The first time I traveled out of the country — the country being Spain, where I lived for over 24 years, seldom going anywhere within or outside of it — I was seventeen, and I came to London for three weeks. I loved it, naturally, despite making poor food choices, staying with a family in Bounds Green, and probably straining my ankle by walking twenty minutes to the tube station in flats every day — and twenty minutes on the way back. There was a lot of sightseeing, a lot of walking, a lot of museum-going. I planned that trip to catch an exhibit of my favorite painter, John Everett Millais, at the Tate Britain. It was a good trip, and moving to Madrid for college just afterwards was a massive letdown.
The following summer, I took the same scholarship that allowed me to go to London — 1500€ to book an ESL course for at least three weeks. The UK was my only option for these things because I had no budget beyond the amount of the scholarship, and if tuition took up half of it, I had very little left for accommodation and flights. The thing is, I’ve always loved Europe, and wanted to see all of it, and been intrigued by England maybe most of all, so it wasn’t a hard choice to make. This time around, I picked Oxford.
I fell in love with Oxford. The way I feel about London is strong, but the way I felt living in Oxford was magic. The cobblestone streets, the bookshops, the colleges, the Botanic Garden — strolling around the city with my camera in hand, taking over five gigabytes of photos — and I wasn’t shooting RAW at the time. Under different circumstances, I might have tried to stay. I wanted to. I thought about it, though about finding jobs to apply for, but I was eighteen, I’d just dropped out of college, and I wasn’t ready to be on my own.
That year, I spent a lot of time at coffeehouses inside bookshops — the Starbucks inside Borders, the Costa inside Waterstones, the Caffé Nero inside Blackwell’s. Many of those places are gone, but I remember feeling home there. There’s something about chains that I actually appreciate: the familiarity, the solidness of it. I went to London one day to meet my best friend for the first time ever, and ate at a Waterstones in Piccadilly. I went to Brighton for two days to cap my trip, and had my usual coffee order at a Costa inside a Waterstones up West Street. The Waterstones is still there, according to Google Maps.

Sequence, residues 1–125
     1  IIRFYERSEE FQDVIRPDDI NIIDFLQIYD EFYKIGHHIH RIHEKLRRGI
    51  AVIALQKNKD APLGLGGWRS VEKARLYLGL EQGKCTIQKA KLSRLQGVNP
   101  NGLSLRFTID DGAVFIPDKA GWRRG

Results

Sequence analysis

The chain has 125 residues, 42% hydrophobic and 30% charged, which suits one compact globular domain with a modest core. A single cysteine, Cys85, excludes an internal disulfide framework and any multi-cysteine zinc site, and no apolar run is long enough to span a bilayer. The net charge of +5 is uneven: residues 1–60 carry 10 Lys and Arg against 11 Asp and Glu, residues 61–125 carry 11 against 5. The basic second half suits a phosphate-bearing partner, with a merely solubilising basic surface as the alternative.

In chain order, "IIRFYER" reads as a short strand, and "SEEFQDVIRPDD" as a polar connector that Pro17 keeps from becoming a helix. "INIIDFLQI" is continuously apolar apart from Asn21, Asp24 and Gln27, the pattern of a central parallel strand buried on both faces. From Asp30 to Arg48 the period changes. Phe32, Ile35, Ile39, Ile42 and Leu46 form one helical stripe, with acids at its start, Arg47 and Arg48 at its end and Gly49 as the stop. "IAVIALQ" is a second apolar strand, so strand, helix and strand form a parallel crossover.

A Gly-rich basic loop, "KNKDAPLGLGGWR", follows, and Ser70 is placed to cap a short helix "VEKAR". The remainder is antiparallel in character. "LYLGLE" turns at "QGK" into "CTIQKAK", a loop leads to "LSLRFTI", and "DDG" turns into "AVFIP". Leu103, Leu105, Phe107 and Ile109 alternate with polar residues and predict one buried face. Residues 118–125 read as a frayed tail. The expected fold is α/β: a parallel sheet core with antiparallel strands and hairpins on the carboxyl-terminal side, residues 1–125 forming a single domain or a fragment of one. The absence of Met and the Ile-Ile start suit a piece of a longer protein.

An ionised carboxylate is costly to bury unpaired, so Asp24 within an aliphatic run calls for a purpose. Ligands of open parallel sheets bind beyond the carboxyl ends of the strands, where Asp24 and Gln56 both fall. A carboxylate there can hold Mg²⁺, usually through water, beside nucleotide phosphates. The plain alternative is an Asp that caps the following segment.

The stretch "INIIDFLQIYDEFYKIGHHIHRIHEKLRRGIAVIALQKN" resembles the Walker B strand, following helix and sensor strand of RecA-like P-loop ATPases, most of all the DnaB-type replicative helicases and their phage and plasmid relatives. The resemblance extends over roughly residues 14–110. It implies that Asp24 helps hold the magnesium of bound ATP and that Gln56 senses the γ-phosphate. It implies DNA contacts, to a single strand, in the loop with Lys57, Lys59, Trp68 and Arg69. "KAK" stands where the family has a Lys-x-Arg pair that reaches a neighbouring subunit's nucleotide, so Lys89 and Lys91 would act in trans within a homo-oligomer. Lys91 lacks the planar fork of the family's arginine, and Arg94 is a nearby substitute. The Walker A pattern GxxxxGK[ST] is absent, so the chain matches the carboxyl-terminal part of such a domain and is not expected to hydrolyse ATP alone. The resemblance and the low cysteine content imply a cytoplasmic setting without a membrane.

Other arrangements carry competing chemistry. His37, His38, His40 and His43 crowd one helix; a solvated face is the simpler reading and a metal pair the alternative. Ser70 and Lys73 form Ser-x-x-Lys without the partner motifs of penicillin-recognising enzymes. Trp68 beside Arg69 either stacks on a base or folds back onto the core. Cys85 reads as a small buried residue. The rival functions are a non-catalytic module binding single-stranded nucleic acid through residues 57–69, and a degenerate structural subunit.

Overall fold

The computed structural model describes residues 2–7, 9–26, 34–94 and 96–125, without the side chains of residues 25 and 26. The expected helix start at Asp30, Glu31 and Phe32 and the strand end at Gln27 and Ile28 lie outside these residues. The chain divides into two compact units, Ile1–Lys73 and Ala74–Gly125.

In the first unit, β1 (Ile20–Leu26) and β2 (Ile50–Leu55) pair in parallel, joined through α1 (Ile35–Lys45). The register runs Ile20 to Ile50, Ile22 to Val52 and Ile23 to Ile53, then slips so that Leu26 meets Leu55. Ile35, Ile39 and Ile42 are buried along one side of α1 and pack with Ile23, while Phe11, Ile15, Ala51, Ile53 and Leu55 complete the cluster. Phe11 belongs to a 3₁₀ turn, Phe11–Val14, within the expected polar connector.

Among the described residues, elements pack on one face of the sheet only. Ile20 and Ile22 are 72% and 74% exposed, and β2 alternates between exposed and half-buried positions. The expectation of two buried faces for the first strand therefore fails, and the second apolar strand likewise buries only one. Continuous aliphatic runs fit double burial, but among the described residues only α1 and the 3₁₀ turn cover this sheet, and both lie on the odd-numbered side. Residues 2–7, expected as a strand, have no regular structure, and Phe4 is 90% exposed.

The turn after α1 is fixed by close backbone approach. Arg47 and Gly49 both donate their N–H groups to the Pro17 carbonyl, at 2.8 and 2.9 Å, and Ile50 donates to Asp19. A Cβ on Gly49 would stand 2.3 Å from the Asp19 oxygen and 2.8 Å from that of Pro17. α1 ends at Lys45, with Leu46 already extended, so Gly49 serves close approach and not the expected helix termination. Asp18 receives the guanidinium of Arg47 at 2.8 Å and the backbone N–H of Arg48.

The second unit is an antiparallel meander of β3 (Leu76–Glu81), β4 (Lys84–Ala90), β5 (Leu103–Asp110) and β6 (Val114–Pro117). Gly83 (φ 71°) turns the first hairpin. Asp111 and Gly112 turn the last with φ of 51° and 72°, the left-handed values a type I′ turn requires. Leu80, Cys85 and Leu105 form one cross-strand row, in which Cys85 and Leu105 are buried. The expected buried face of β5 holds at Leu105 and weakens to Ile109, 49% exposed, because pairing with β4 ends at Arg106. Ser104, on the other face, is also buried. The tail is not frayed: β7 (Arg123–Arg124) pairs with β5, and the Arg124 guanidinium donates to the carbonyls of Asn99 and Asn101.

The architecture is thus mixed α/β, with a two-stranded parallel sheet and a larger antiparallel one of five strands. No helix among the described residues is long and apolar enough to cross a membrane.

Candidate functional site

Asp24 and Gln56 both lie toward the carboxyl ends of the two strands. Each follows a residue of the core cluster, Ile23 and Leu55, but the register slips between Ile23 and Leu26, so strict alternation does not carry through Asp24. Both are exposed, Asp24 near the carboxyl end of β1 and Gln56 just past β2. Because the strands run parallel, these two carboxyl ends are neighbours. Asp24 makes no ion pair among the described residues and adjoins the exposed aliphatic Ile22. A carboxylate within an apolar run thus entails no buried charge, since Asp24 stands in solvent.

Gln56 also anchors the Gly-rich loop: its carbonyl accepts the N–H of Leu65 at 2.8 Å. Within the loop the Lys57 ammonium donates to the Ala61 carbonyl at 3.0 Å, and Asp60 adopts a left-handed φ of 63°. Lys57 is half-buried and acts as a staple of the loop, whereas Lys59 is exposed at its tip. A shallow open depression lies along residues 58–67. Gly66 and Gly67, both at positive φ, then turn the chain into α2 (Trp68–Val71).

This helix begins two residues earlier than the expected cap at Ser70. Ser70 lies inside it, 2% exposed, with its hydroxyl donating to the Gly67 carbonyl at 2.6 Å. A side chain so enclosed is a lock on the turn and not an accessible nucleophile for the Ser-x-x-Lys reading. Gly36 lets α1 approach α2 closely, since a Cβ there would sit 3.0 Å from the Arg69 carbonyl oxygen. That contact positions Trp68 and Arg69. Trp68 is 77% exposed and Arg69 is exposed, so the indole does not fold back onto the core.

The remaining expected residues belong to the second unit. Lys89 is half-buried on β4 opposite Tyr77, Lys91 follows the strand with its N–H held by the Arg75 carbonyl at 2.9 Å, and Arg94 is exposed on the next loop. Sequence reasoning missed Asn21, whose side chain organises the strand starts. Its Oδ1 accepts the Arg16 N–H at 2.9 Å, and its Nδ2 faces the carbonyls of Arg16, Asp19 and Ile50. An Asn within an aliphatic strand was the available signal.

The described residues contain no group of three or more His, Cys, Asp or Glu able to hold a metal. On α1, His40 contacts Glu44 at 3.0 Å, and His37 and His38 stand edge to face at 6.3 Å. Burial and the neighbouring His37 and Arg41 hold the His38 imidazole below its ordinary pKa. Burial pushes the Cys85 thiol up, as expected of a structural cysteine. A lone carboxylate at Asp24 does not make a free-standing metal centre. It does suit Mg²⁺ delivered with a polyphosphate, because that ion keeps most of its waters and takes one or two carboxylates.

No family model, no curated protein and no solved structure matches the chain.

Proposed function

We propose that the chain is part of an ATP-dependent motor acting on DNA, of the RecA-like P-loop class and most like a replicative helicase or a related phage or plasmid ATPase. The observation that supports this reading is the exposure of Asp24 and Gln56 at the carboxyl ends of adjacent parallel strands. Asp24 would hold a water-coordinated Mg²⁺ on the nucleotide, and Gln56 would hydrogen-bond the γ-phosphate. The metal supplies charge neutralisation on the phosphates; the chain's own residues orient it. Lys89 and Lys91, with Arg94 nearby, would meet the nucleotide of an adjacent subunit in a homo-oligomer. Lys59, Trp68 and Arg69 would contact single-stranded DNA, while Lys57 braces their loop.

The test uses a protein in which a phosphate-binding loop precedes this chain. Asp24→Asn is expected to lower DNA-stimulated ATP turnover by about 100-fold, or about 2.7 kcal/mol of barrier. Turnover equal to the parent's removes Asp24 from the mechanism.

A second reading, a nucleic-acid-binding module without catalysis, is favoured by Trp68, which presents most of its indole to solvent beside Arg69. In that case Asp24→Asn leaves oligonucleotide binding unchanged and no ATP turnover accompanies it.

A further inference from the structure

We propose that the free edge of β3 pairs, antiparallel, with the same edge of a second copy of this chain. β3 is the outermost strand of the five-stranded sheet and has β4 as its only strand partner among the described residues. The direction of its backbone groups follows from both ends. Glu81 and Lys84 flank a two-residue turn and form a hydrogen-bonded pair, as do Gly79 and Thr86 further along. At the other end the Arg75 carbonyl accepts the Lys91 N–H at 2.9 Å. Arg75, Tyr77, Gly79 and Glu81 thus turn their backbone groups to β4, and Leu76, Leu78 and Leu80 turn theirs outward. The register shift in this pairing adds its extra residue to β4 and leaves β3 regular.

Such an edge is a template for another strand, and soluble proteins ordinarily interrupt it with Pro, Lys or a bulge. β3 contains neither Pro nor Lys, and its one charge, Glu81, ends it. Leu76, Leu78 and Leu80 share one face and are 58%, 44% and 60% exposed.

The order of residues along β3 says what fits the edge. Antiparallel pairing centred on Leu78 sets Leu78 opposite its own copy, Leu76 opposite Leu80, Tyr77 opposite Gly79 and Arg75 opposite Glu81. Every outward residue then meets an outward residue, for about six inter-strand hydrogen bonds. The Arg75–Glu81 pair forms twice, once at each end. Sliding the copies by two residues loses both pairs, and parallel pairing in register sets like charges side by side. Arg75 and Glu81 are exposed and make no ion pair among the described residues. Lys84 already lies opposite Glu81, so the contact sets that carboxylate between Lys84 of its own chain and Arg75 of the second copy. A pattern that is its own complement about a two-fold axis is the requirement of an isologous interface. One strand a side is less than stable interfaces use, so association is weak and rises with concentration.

I kind of fell in love with that coffee order, and when I went back to Spain, to my hometown without coffeehouses inside bookshops or fancy drinks at the ones we did have, I set out to find a way to make it, and every time I did, it reminded me of being in England, a little bit. Eventually I also created a strawberry and ice cream shake — not quite a milkshake and not quite a smoothie — that will forever remind me of Wimbledon.
But when I was asked to share a recipe inspired by one of the countries in the Cricket World Cup, I thought it would be a lovely time to share my iced caramel coffee — no fancy machines, just whatever I could find in my little city — and the reason it ended up a part of my very small off-the-top-of-my-head recipe arsenal.
The point of this recipe is that if you move somewhere they don’t sell half the shit you need, or move to a flat where you can’t use any fancy coffee contraptions, you can still make it. I got caramel syrup — golden syrup, whatever — and madagascar vanilla extract out of a cupboard in my landlady’s kitchen (I cleared this with her before using her kitchen; better lighting for photos, you see; was actually going to make a cocktail, but time ran against me and my complete inexperience in the alcohol department). I stole the milk from my flatmate, because whenever I buy milk, it ends up going bad as I just come to Starbucks every day because it’s warmer than home (and currently, until things get sorted out — apparently a cat chewed on a cable — my only access to the Internet). The coffee, however, was mine, and so was the mug and the… idea. Look, I have good intentions.
So, without further ado, what you need:
Coffee for however way you make espresso or black coffee; I used instant like the heathen I am
Caramel syrup (sugar tastes terrible; that is one substitution I don’t recommend)
Vanilla extract (powder or on the bean or liquid; vanilla sugar is another substitution I don’t recommend)
A mug, a glass, and a machine to make hot coffee. If you have a espresso machine or a French press, use that. I just heated up water in a kettle. My beautiful mug is from Zoz Pots on Etsy.
Instructions are quick, but I swear by the order of them:
1. Heat up your water / make your espresso.
2. Add half a teaspoon of vanilla extract to your mug.
3. Get your coffee ready in the glass (or another mug, or wherever).
4. Hit the ice against the counter a bunch of times, or break it some other way if you know how to, or if you have tiny cubes, then more power to you, tell me where you get that shit. Put the ice in the mug.
5. Add milk; fill the mug to about the midway point.
6. Pour some caramel over the ice; a couple of tablespoons is usually pretty good, but not everyone has the same standards re: sweetness in their coffee. I like a caramel taste in this drink, but won’t let sugar near my normal morning coffee.
7. Finally, pour the steaming hot coffee over the ice, to fill up the rest of the cup. Let it rest for a few seconds — it will help melt the caramel syrup and ice cubes —
— and stir.
After this, I put my caramel coffee in a travel mug and took it to Starbucks. It was actually pretty good, which surprised me given the way I sourced the ingredients and considering I hadn’t made it in a while.
In fact, I hadn’t made it since before I went and packed my bags and moved to England.
Disclosure: I was asked by Betfair to take part in the Cricket World Cup Recipe challenge.